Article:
Hard to describe how magical Vienna is…particularly at this time of year, when everything is decorated, lit, and overflowing with music, food and mulled wine! We arrived in Vienna after dark, having made a stop at the Esterhazy Palace in Eisenstadt, where Haydn lived and worked for many years. Maneuvering our touring bus thru the narrow streets of the city center proved challenging, but we arrived to gorgeous lights festooning the streets filled with people. Our hotel was just to the back of St Peter’s Church…one of the very old churches in Vienna….where advent concerts were being held every afternoon. We were just a few blocks from St Stephen’s Cathedral, where Haydn was a choirboy (until he got kicked out when his voice changed) and where Mozart was married. It will definitely require more than one post to cover all our adventures in Vienna….it’s a great city for walking, and it’s FULL of museums, Christmas markets, beautiful shops and historic sites…many of them music-related. More later about chamber music at the Mozart House, Beethoven’s piano at the Pasqualati House, the Golden Hall of the Musikverein…and singing a chorus of “Varsity” in the Esterhazy Keller, where Haydn and Schubert (among others) had lifted a pint in the past.
Well, I was completely thwarted in my attempts to upload photos while we were in Europe, so the weight of blogging landed on our other host, Ginger Alden. Now that I’m back at my usual computer, I can’t resist sharing pictures of some of the gorgeous places we saw. We had a bit of rain and mist while in Budapest, but nothing can obscure the beauty of that city. One of the highlights for many of us was a performance of Puccini’s Turandot at the Hungarian State Opera House (Magyar Allami Operahaz). ..arguably one of the most beautiful opera houses in Europe. For those accustomed to large American houses (the Met seats more than 3800!), it was a remarkably intimate setting at just over 1260 seats. For several of our group, it was their first opera….what a great introduction!
Our hotel was in Pest (the newer city), and on the day we traveled up to Buda hill, it was a bit foggy….although the clouds did lift later in the day, so we were able to see the Danube sparkle a bit.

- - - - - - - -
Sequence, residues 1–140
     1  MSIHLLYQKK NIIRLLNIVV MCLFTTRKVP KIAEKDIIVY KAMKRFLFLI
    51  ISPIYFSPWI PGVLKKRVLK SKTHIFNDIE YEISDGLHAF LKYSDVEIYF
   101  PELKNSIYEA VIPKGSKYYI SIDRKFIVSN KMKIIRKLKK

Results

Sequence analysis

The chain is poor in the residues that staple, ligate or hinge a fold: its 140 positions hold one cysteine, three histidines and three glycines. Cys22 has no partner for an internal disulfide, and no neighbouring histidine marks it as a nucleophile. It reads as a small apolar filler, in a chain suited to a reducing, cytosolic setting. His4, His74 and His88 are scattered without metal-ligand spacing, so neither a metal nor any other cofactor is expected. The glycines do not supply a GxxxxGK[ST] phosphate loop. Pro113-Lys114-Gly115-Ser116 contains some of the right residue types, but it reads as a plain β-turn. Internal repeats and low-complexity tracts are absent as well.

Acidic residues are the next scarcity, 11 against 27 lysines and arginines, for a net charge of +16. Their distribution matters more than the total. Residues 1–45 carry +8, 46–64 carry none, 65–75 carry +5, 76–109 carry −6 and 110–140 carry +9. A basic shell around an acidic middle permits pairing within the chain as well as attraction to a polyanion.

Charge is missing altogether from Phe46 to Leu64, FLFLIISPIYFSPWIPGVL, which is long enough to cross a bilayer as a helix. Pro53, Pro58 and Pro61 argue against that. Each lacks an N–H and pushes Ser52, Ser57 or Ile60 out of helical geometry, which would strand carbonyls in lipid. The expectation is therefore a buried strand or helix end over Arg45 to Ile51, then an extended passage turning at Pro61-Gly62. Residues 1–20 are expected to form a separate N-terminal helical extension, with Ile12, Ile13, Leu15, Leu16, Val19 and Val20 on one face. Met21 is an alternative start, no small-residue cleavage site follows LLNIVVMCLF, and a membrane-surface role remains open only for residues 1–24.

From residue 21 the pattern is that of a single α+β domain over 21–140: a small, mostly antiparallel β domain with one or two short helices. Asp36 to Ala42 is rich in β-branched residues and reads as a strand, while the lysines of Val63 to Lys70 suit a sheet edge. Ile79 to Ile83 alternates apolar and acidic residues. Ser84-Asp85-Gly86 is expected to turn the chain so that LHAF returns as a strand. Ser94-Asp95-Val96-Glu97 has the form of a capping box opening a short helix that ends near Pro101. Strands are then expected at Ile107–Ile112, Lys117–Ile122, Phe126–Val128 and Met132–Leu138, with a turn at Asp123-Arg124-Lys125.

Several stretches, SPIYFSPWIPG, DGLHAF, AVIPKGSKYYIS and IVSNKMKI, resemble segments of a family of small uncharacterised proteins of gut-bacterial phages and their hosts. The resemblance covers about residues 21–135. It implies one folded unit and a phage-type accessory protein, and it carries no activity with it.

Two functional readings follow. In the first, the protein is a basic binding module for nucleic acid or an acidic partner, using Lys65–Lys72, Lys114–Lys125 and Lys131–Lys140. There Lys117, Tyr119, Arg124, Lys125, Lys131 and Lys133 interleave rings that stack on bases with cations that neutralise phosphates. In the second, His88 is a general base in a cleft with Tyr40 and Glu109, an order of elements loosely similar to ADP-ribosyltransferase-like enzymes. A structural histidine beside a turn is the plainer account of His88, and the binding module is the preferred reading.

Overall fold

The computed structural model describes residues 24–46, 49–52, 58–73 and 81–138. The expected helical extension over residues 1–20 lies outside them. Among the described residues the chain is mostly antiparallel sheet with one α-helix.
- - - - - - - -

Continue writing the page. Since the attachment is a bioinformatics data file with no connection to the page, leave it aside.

Rehearsing the farewell to our guide Gabriel Fawcett, our travelers were expertly accompanied by Ruth and Sandy Stehling. The universal language of music enabled us to connect with a group of Italians close by as well. Anyone know the chords to Volare?
(Sung to the tune of Home on the Range.)
First Buda and Pest, Hofsburg Palace and Lizst
Ronald Reagan on Liberty Square
Through the fog of the day, Gabriel leads the way
Evening lights reveal Danube the fair.
You can get him to speak any day of the week
With his tales of Hungarian woes
He’ll wax eloquent on the blood that was spent
Until all of us can’t help but doze
Home, home to Berlin
He survived the tour from Wisconsin
No more “Where’s the loo?” from his dependent crew
We will think of him fondly and grin
His facts with some spice make history nice
Rakas was an arsehead and such
The coffee’s so fine, but those Austrians still whine
Bloody well! Ruskies just are too much
He herds us on tour wi a touch deft and sure
With a surfeit of food and of drinks
With his cheeky Brit smile and his eloquent style
He tells us what he really thinks
In Gabriel we trust, the third stop is for us
Be brave now and get on that tram
And our favorite bit is his humor and wit
We’ll go home as Gabriel’s fans
The crumbling headstones of the Old Jewish Cemetery date from 1439 to 1787, and stand as a testament to the ghettoization of Jews, even in death. With a local guide, we toured the cemetery and parts of the Jewish museum, a collection spread among a number of synagogues, art and exhibits depicting the lives and turbulent history of Jews in Bohemia and Moravia. Pictures: the cemetery; Our travelers wearing yarmulka according to custom; Synagogues; a sculpture of Kafka; the old synagogue and Jewish Town Hall.
Prague Castle is set on a high hill across the Vltava river from Old Town and Wenceslas Square. It is a complex of buildings representing a sweep of history and architecture. We spent the afternoon exploring with our knowledgable guides. Pictures include our group ascending an escalator to catch a tram; approaching the castle walls; happy travelers after lunch at the Vikarka Restaurant inside the walls; architecture from romanesque and gothic, to renaissance and baroque; Mucha stained glass inside the cathedral; the royal crypt in the cathedral; the immense interior and exterior of the Cathedral of St. Vitus.
Pictures: The National Museum with St Wenceslas statue in the foreground-site of Czech demonstrations, protests and vicrories dating back to 1419; looking back down Wenceslas Square at our group viewing thr memorial to victims of communism and the two men who died in protest of the Warsaw Pact invasion in 1968; the Powder Gate, passed through on our way to Old Town Square; the Old Town Hall and Astronomical Clock; Gabriel giving history lessons and map reading advice; a Winter Waltz traveler receives a scarf tying lesson from his son.